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pulseaudio module-combine arguments

I installed pulseaudio 0.9.13 in sidux (from experimental), and discovered that the FAQ about sending playback to two devices simultaneously is out of date. The correct syntax is:

load-module module-combine sink_name=combined slaves=output0,output1

i.e. the master argument is no longer used. I discovered this by looking at src/modules/module-combine.c:

        "sink_name=<name for the sink> "
        "slaves=<slave sinks> "
        "adjust_time=<seconds> "
        "resample_method=<method> "
        "format=<sample format> "
        "channels=<number of channels> "
        "rate=<sample rate> "
        "channel_map=<channel map>");

It’s always refreshing to see such clear code!

Some clients don’t seem to respect set-default-sink. I used pavucontrol to move the streams, but when playing youtube videos the process didn’t show up, so I was stuck with single card output.

UPDATE: Pulse remembers stream/sink associations, so if you run a program before using set-default-sink combined, then you will need to move it manually with pavucontrol. I also fixed my problem with flash/youtube. I was using flash 10 through nspluginwrapper, which was ignoring my asound.conf settings making pulse the default and using my sound card directly. Switching to the native 64-bit flash plugin (installed from marillat experimental) fixed the problem.

“How not to erase an old hard disk”, a new comedy by bda

The Cast:

  • bda, veteran Linux user of 9+ years
  • Dell Dimension P166, long time resident of basement storage unit
  • Inspiron 700m laptop, secondary computer used regularly by bda

bda – “I should get rid of this old P166. Maybe goodwill will accept it? But first I need to purge the disk”.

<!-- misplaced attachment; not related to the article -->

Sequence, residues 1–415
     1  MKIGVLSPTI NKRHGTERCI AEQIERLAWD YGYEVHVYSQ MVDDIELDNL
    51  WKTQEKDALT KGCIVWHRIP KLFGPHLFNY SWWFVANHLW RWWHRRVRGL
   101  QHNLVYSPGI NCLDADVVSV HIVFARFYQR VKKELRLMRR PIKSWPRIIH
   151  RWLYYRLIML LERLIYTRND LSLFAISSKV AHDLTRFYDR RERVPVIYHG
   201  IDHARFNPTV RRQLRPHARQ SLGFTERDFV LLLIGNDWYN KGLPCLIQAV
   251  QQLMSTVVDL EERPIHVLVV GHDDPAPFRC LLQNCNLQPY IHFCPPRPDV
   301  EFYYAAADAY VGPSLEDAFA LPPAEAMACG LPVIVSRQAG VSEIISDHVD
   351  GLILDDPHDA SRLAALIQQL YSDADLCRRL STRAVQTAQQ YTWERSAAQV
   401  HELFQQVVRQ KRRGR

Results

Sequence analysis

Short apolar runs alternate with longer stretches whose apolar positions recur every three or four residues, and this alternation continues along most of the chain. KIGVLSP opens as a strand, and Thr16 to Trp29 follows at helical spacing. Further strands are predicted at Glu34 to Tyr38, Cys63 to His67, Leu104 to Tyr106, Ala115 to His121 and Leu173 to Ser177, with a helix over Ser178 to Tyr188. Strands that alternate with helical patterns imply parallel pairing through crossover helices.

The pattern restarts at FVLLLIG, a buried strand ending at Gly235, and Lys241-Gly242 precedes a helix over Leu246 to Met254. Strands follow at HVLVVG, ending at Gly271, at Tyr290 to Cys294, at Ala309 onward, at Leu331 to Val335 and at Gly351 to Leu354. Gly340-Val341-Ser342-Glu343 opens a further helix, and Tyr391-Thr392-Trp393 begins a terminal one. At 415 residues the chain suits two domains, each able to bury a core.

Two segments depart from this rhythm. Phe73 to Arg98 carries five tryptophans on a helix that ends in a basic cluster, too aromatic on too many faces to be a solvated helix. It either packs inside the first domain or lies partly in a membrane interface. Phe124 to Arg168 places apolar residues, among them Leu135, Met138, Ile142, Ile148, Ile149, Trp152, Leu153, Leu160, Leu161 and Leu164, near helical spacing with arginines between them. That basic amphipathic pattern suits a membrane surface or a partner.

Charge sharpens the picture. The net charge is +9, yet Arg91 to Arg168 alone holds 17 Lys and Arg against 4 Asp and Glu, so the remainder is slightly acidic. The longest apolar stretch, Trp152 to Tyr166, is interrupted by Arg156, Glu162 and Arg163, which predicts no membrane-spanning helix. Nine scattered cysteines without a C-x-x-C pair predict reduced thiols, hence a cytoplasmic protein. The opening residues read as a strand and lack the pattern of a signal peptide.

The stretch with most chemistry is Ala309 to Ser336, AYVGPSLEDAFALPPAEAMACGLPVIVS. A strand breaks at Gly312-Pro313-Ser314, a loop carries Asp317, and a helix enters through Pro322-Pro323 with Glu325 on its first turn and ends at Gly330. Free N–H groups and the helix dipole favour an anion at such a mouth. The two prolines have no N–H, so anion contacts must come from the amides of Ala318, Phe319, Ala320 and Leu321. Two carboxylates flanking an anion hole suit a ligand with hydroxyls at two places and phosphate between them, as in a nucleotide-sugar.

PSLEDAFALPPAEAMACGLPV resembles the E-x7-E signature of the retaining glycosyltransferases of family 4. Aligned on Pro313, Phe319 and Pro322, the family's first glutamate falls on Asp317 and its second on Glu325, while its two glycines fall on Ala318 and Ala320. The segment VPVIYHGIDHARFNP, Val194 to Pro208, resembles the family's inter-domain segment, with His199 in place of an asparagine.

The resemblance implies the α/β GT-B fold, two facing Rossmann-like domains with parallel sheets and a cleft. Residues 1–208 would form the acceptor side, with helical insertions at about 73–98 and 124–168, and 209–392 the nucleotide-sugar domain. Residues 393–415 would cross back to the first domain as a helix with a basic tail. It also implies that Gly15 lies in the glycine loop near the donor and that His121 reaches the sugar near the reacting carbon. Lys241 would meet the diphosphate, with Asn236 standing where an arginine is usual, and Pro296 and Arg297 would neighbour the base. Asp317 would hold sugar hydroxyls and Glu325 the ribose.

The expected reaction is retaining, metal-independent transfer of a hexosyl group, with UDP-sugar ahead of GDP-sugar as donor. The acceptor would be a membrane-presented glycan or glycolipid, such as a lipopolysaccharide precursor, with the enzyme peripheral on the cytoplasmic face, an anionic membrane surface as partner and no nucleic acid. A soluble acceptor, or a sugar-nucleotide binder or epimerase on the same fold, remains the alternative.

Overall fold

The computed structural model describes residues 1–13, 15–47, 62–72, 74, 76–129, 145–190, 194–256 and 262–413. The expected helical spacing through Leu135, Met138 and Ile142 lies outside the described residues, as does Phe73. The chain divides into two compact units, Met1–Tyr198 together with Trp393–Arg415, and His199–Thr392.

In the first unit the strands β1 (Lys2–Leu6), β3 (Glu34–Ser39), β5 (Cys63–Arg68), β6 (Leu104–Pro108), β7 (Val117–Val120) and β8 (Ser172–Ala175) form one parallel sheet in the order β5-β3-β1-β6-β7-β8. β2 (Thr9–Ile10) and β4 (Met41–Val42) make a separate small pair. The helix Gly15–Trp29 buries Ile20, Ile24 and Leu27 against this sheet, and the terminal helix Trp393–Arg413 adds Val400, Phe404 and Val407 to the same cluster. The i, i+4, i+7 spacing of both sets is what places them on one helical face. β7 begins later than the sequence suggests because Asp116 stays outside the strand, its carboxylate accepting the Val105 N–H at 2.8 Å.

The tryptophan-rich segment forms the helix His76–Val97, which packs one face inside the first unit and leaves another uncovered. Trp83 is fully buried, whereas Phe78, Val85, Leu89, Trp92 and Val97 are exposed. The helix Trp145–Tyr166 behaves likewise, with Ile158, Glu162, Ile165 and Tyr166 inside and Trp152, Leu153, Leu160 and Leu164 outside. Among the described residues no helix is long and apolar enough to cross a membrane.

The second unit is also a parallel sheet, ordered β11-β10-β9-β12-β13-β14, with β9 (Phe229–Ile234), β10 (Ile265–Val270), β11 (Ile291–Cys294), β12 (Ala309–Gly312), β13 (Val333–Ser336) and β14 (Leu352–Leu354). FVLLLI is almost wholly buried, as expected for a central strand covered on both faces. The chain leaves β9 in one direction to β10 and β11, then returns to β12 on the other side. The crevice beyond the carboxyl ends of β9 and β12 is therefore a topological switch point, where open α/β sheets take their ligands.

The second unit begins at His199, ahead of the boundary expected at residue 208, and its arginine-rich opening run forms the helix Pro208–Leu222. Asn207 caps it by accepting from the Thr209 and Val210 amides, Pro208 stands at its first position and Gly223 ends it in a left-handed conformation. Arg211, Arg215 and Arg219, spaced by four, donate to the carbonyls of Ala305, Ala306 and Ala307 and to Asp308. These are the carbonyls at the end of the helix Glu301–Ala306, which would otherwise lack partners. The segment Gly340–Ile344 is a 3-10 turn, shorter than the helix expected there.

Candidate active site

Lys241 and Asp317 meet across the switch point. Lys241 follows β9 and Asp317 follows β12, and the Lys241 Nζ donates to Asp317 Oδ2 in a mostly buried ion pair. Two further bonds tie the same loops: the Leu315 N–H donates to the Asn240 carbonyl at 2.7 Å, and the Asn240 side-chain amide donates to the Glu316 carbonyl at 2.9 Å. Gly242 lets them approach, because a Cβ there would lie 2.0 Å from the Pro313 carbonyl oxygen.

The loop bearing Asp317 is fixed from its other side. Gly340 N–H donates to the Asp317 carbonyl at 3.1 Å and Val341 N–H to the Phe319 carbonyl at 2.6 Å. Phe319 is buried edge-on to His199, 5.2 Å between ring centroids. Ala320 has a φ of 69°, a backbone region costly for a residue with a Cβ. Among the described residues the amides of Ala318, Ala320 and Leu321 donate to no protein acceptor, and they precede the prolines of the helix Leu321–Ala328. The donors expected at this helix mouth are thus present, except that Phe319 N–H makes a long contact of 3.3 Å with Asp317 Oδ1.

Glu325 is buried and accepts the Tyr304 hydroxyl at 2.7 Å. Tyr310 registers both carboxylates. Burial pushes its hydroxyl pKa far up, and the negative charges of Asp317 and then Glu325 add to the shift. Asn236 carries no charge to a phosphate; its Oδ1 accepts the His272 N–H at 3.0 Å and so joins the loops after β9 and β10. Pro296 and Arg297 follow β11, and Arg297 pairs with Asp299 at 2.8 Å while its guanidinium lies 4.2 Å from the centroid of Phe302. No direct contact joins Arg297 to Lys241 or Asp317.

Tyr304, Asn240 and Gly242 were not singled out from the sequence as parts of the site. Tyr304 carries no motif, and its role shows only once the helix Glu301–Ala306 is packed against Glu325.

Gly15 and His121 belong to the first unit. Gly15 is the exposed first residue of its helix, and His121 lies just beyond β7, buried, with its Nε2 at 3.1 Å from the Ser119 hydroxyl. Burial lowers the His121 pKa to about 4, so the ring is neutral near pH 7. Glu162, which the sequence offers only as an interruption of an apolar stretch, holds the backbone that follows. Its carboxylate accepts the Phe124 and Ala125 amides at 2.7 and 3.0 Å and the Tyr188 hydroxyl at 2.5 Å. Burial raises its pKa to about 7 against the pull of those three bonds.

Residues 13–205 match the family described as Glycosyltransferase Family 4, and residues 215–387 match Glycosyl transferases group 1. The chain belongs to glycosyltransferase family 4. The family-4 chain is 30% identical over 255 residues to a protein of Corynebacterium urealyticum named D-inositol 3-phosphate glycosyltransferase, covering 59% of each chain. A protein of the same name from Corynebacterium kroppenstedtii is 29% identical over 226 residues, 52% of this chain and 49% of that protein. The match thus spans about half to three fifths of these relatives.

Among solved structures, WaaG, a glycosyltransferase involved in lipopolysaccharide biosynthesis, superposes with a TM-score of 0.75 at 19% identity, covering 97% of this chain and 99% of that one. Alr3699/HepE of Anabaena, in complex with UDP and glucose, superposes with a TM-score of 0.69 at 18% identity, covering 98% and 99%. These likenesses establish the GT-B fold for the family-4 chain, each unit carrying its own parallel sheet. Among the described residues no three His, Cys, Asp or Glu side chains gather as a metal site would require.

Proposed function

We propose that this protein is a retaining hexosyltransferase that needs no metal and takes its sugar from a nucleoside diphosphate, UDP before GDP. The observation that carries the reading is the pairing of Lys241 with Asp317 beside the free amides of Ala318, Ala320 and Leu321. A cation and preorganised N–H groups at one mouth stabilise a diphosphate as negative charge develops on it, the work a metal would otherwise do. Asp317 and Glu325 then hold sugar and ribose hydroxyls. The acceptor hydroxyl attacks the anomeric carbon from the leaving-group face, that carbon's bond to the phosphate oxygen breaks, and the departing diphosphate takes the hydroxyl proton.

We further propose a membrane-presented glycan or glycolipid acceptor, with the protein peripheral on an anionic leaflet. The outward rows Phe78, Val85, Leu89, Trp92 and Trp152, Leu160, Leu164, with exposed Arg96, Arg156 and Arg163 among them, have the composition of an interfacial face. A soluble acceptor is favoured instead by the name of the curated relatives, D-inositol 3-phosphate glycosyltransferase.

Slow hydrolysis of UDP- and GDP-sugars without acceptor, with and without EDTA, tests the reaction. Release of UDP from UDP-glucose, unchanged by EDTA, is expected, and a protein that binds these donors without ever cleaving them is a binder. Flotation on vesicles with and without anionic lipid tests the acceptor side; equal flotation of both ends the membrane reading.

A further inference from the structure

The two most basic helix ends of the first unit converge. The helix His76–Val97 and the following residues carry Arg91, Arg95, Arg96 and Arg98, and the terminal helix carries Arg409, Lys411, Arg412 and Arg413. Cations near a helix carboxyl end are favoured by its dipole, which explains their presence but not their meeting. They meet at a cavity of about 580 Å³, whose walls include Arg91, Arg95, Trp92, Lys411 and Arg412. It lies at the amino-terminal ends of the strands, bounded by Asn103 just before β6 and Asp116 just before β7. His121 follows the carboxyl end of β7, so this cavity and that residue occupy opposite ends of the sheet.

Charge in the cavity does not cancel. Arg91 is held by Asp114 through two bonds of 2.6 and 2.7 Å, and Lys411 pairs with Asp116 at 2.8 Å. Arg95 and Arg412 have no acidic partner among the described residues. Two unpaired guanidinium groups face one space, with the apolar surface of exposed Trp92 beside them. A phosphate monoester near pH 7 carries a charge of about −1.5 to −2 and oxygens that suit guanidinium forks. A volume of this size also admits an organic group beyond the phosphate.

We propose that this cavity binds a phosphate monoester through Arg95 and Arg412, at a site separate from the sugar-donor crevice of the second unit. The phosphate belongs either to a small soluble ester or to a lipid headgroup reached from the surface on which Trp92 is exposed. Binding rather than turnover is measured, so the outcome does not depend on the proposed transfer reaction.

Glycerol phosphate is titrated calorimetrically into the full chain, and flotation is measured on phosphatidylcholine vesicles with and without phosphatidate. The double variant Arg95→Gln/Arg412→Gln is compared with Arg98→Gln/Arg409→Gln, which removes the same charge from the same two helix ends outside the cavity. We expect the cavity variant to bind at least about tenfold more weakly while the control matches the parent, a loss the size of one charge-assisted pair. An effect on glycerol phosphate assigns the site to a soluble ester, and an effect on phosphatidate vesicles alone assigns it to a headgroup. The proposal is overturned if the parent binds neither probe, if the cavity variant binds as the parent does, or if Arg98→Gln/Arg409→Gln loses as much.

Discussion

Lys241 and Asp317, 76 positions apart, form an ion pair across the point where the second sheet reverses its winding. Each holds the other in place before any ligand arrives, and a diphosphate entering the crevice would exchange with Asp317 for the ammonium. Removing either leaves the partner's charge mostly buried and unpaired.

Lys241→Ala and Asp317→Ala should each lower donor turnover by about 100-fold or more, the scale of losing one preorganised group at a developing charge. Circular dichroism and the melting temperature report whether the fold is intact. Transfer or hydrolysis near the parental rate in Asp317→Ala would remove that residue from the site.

P166 – silence
bda takes disk out of P166, places in enclosure, and connects to laptop runnin Arch Linux
bda – “$ mount /media/hda5 /mnt; ls /mnt; rm -rf *”
bda – (thinking) “maybe I should shred the files… that might be harder if they’re already deleted”
bda hits CTRL-C to stop the rm command
bda – “$ apropos shred”
laptop – weird error message
bda – “$ ls”
laptop – same error message
bda – (thinking) “Oh f@*&”


Yes. I rm -rf’ed my laptop. Luckily it only got to /bin and /etc. I was even able to recover my list of installed packages by copying /bin and /etc/pacman* from the live cd to the laptop root, chrooting, and running “pacman -Qqe > …”. My old ubuntu /etc backup is also still intact. Still it’s going to be a pain reconstructing all the configuration chages I’ve made since installing arch.

error: ‘malloc’ was not declared in this scope

Translation: You are a bad person and did not include stdlib.h. Older versions of gcc let you get away with this. Not so with 4.3. I had similar errors for strcmp when not including string.h.

I got this trying to compile my thesis code on my laptop. The exact same code worked on my desktop, the difference being that my laptop is running intrepid, which uses gcc 4.3 by default. After blaming m12, I came across this and realized that it really was my fault.